In the playground, disputes over priority and precedence were often settled by a game of rock, paper, scissors. The rules of the game and identification of a winner were either known or readily understood: paper wraps rock, rock blunts scissors, scissors cut paper. If only the game of contractual interpretation was so simple.
Construction contracts are often made up of several documents, usually from a number of different sources. Inconsistencies and contradictions may occur between the separate documents. If the parties have included a clause establishing which documents will take precedence in the contract where any ambiguities arise, surely that would settle any questions?
A recent case has suggested that parties may not blindly rely on a contractual priority clause to establish which contractual provision will prevail where an inconsistency arises.
In RWE Npower Renewables Ltd v JN Bentley, the parties were in dispute over delays to completion of the Black Rock Hydro Scheme in Scotland. In particular, RWE alleged that JNB had failed to complete the pipeline works to testing and commissioning stage on time and wished to levy liquidated damages against JNB. JNB argued that RWE was not entitled to delay damages and relied on separate provisions of another contract document, which, they argued, provided that completion of the pipeline works only required completion to the stage that would allow the hydro plant to be installed.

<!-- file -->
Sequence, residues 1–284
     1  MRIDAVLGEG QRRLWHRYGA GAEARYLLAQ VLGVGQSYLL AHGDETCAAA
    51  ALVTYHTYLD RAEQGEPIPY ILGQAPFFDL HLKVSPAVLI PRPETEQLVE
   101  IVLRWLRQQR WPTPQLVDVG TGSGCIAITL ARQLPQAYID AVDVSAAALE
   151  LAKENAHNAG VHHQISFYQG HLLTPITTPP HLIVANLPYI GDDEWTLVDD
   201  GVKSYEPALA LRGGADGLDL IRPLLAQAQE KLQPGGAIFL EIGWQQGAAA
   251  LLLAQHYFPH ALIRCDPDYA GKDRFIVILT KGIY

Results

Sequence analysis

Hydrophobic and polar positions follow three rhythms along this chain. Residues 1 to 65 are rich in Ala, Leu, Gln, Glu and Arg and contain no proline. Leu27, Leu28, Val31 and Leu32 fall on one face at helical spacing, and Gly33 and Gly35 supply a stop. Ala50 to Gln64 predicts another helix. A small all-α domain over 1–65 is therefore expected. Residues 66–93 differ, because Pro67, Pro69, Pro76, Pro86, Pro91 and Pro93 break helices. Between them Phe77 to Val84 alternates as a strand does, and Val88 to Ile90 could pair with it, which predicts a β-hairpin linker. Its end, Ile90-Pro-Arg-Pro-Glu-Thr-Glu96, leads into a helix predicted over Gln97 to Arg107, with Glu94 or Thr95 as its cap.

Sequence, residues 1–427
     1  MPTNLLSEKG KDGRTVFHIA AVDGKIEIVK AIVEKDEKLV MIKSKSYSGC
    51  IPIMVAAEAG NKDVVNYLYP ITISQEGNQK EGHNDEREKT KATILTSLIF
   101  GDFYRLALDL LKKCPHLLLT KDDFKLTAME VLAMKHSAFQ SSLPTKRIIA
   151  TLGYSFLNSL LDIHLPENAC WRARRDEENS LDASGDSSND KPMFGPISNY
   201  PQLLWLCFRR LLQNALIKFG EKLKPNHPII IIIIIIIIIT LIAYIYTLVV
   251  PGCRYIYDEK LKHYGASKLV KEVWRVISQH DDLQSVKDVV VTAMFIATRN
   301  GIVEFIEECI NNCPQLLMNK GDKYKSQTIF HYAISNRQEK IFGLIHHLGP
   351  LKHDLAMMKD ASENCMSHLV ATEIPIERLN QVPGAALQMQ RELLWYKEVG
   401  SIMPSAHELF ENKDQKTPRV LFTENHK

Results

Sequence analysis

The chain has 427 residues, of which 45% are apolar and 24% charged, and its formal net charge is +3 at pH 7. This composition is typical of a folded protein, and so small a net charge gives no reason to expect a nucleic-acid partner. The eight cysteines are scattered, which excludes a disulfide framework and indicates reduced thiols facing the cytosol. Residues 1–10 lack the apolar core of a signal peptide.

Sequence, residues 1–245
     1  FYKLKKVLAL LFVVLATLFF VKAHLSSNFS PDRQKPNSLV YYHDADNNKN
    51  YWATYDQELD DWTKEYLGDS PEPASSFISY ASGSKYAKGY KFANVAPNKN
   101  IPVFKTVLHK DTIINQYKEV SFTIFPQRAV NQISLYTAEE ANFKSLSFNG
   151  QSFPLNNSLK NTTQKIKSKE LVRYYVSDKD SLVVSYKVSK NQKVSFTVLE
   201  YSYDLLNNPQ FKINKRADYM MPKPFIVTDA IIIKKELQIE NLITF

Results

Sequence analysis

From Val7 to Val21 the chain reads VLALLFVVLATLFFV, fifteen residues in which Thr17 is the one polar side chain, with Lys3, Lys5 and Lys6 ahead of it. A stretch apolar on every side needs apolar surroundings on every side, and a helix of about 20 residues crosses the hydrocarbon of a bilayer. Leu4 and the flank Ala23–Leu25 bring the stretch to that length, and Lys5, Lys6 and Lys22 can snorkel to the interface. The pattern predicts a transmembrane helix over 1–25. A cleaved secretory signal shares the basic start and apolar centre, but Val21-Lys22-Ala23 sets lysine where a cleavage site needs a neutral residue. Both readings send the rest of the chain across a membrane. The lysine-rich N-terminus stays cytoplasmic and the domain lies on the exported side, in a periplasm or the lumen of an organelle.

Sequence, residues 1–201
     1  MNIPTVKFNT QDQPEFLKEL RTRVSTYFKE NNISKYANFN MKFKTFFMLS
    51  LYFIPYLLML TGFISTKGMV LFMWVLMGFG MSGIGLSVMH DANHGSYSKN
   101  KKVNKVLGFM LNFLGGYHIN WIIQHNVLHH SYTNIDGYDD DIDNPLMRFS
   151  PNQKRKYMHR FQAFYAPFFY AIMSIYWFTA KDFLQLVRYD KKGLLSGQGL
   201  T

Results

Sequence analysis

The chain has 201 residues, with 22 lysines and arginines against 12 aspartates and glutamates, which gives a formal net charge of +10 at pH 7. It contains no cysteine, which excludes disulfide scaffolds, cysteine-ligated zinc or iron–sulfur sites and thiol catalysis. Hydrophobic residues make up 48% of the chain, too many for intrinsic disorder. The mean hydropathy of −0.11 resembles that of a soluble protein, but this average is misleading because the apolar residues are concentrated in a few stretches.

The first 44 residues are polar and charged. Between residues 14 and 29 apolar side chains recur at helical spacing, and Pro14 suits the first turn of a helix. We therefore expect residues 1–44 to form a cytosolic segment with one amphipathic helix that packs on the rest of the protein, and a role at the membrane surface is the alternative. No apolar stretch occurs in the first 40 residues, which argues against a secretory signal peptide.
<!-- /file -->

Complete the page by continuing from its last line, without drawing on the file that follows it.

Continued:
The contract contained a clause which provided for the order of precedence of the contract documents. The court considered the meaning and effect of that clause in determining the relevant completion provisions under the contract and made the following observations as to the correct approach:
The court decided that once reviewed as a whole, there was no ambiguity as to what was required to complete the pipeline works. Read as a whole, the contract provided that the pipelines were to be tested and commissioned before they could be said to be complete.
An order of precedence clause may not have the final “rock, paper, scissors” effect that you may think. If a sensible interpretation which gives commercial effect to the intentions of the parties can be discerned from the contract documents as a whole, that is the interpretation which will be adopted.